Implementing file rename for redoxfs


#1

I just started messing with running the operating system in qemu and was trying to look for a simple, small piece of the project to attempt to update. I noticed while moving around the shell that the ‘mv’ command was throwing a ‘not implemented’ exception, and thought I might get around to implementing that at least on the redoxfs side. I think this would be initially more just an attempt to see if I could get it to work, than something that would result in a pull request, but the hope is to get to a contributing level in time.

My rust knowledge is about as close to non-existent past the syntax, but I’ve been jumping around the code base to figure out what this might entail, and I just wanted to see what the TODO would look like for this task.

Stage 1: Add new system call, handle unimplemented exception based on return codes from schemes

Steps

  1. There’s no SYS_RENAME syscall yet. An integer would need to be set in the syscall const definitiions
  2. In kernel/syscall/mod.rs SYS_RENAME would have to point to a ‘rename’ function in syscall/fs.rs
  3. The rename function in fs.rs would then call the rename function in the scheme based on the url that it was fed.
  4. A ‘rename’ function would then need to be added to all schemes, and would have to return an error by default. (I’m assuming that panicking in this case is a really bad idea)
  5. The rename/move function in the redox stdli would then need to call the new syscall and based on that error code throw the unimplemented instruction. This would leave way for implementing the actual move call in the redoxfs scheme.

End result

‘mv’ still throws an exception, but the attempt to rename actually passes through the kernel and to the schemes that it’s attempting to access.

Stage 1: Add new system call, handle unimplemented exception based on return codes from schemes

Steps

  1. There’s no SYS_RENAME syscall yet. An integer would need to be set in the syscall const definitiions
  2. In kernel/syscall/mod.rs SYS_RENAME would have to point to a ‘rename’ function in syscall/fs.rs
  3. The rename function in fs.rs would then call the rename function in the scheme based on the url that it was fed.
  4. A ‘rename’ function would then need to be added to all schemes, and would have to return an error by default. (I’m assuming that panicking in this case is a really bad idea)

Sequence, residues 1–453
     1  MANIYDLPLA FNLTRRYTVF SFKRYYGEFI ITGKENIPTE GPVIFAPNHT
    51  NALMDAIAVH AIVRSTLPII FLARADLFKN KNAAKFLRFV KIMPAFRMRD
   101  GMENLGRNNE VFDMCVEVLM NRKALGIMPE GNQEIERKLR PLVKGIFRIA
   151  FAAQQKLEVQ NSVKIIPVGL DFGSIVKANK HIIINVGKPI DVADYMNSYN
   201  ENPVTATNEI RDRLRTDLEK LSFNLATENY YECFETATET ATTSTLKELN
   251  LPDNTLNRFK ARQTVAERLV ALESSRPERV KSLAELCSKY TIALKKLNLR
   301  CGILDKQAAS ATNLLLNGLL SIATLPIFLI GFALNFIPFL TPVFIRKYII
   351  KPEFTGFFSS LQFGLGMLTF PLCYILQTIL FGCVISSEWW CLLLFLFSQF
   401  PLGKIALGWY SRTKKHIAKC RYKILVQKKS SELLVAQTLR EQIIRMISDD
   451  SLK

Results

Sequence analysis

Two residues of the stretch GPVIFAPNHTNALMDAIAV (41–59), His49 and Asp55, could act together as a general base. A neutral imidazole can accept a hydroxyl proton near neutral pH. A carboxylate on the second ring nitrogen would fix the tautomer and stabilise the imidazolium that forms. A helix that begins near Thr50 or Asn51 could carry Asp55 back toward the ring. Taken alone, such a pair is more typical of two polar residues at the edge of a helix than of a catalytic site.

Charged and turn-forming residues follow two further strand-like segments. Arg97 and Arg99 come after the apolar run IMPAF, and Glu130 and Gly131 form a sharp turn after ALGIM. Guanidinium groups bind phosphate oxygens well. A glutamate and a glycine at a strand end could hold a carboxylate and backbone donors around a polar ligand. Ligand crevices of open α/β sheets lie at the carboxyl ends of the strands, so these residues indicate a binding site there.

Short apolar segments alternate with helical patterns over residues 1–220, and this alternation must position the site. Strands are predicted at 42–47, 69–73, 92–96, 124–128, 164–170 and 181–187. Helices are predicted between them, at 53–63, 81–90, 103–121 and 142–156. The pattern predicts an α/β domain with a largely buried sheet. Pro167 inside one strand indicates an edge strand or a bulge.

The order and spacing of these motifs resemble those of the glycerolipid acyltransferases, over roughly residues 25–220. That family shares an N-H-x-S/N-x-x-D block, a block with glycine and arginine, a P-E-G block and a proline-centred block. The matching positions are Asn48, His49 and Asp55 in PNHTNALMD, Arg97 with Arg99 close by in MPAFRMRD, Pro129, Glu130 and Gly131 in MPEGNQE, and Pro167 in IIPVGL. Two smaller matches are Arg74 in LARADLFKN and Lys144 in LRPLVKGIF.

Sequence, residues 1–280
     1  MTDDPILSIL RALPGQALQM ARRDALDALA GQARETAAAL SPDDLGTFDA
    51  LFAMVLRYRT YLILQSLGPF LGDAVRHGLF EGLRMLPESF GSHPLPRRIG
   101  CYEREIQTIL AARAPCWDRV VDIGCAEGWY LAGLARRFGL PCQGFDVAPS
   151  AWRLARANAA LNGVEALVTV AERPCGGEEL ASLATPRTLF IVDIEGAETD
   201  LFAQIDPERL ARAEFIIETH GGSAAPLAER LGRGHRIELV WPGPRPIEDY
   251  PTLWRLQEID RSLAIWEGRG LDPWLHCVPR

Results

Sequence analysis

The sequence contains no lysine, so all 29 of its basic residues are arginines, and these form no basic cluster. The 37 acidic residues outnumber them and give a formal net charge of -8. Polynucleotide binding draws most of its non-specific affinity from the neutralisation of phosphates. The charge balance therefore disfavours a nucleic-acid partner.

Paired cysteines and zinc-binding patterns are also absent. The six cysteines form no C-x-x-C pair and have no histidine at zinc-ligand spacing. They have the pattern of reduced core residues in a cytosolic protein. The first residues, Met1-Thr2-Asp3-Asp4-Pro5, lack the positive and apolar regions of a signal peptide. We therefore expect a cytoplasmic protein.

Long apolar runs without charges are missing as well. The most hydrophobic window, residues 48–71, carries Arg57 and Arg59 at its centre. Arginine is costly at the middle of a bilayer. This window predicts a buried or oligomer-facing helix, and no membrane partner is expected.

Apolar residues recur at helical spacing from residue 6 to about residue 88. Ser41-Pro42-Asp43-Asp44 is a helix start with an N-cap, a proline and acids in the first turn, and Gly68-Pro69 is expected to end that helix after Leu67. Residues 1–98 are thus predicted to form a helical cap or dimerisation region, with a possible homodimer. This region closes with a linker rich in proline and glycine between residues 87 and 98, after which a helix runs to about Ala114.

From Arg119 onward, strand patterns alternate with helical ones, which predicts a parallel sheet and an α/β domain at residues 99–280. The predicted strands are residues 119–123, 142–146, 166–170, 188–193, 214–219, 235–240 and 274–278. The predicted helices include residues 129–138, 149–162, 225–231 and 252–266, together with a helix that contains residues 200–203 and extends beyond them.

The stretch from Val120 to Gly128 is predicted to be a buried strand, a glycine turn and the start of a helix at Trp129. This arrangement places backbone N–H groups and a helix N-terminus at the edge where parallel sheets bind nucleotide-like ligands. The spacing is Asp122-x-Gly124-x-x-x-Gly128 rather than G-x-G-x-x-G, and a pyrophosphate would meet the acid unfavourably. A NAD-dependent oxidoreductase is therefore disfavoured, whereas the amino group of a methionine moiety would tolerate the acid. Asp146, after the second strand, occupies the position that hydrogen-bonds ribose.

5. The rename/move function in the redox stdli would then need to call the new syscall and based on that error code throw the unimplemented instruction. This would leave way for implementing the actual move call in the redoxfs scheme.

End result

‘mv’ still throws an exception, but the attempt to rename actually passes through the kernel and to the schemes that it’s attempting to access.

Stage 2: Implement rename in redoxfs scheme

Sorry, this is much less fleshed out.

Steps

  1. Create a rename function in redoxfs/mount/redox/scheme.rs. Have it return an errror result. (commit 1
  2. Change function to rename IFF the parent block hasn’t changed. Do this using the find_node function, changing the ‘name’ bytes and re-writing the node at the same block. (commit 2)
  3. Change the function to do something like this. (commit 3)
    • node renaming logic from above
    • Get the parent node and soon-to-be-parent node
    • Change the list of children (Is this using the extents array if it’s a directory?) for the soon-to-be-parent node to reference the node block of the file. Write the new parent to disk. (I guess there’s two references, but if the system explodes you don’t lose the file.)
    • Change the list of children on the old parent to remove the reference to the moved node.

End result

‘mv’ can rename a file in place or change the full file path. (within the same scheme)

Question

Am I headed in the right direction? I’d imagine this would keep me busy for quite some time, but is there anything that’s going to trip me up here way more than I expect?


#2

RedoxFS is temporary. TFS will be the filesystem, when it’s stable.


#3

This has been completed